The US administration yesterday continued to pour scorn on the victory of President-elect Mahmoud Ahmadinejad, the hardline former mayor of Tehran, making a further deterioration in the already threadbare diplomatic relationship between the Washington and Tehran apparently inevitable.
Donald Rumsfeld, the US Defence Secretary, capped weeks of hostile rhetoric by referring to a "mock election" and saying Mr Ahmadinejad was "no friend of democracy".
A State Department statement called the elections "flawed from the inception".
The US has been criticised since the first round of the Iranian presidential election because it dismissed the process rather than offer encouragement to the leading reformist candidate, Mostafa Moin, who came fifth and failed to make the run-off.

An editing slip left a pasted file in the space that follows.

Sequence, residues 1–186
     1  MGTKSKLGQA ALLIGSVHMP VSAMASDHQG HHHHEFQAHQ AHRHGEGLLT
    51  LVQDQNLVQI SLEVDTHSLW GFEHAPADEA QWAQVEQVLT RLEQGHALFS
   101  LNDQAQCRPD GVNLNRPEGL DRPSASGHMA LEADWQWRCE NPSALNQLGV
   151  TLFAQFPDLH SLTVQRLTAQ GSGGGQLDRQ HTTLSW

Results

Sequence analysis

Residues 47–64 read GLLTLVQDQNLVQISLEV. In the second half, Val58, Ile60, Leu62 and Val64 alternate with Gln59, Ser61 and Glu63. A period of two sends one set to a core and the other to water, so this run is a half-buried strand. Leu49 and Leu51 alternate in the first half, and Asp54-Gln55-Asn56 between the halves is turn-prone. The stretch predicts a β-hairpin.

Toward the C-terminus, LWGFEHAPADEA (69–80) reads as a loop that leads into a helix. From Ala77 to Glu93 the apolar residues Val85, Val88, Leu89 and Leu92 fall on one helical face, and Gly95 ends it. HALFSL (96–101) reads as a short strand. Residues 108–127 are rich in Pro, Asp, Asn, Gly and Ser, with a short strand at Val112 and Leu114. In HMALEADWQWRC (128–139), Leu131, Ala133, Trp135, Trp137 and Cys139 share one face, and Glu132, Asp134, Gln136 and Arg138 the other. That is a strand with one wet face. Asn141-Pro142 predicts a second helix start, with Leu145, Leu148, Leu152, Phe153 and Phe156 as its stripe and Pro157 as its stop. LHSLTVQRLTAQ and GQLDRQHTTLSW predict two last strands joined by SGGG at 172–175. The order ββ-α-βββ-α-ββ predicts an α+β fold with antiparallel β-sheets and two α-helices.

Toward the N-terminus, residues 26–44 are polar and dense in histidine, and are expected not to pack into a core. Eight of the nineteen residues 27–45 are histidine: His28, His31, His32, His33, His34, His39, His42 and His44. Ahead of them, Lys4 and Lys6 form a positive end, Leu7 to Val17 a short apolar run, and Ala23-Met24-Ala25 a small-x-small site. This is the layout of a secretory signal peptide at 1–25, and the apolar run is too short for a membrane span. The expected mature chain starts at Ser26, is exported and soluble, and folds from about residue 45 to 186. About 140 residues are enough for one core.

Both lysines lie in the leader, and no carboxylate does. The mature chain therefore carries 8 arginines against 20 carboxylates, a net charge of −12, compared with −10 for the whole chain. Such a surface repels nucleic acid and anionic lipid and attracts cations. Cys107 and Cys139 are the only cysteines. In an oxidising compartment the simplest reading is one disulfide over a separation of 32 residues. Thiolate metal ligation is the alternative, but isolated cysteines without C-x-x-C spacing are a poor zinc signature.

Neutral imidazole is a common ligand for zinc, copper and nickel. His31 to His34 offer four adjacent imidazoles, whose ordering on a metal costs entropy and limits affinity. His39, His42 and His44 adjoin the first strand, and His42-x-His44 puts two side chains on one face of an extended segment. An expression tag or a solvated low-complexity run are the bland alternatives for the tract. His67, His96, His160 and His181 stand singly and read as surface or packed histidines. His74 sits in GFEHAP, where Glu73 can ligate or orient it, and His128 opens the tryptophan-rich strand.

Many neoconservatives close to the administration have made clear they are interested in regime change, not reform, and during the campaign called Mr Moin a "pseudo-reformer" who might be more dangerous than the hardliners.
Some liberal commentators suggested it might suit Washington to have an unambiguously hardline leadership in Tehran because it would give the administration a pretext to shun all dialogue with a country President George Bush named in his "axis of evil".
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